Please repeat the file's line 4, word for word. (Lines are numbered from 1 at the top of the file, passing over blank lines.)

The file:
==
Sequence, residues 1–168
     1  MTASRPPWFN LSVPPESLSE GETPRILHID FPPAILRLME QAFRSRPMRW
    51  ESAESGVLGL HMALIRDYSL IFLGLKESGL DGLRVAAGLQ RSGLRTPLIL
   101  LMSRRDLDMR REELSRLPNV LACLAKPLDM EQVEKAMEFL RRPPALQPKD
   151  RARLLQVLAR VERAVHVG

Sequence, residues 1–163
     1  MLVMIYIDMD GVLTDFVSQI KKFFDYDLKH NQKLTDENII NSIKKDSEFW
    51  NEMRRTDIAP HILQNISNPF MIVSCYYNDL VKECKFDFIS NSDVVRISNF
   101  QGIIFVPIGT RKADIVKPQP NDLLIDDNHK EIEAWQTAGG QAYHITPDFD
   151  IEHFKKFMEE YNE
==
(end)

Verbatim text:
   101  LMSRRDLDMR REELSRLPNV LACLAKPLDM EQVEKAMEFL RRPPALQPKD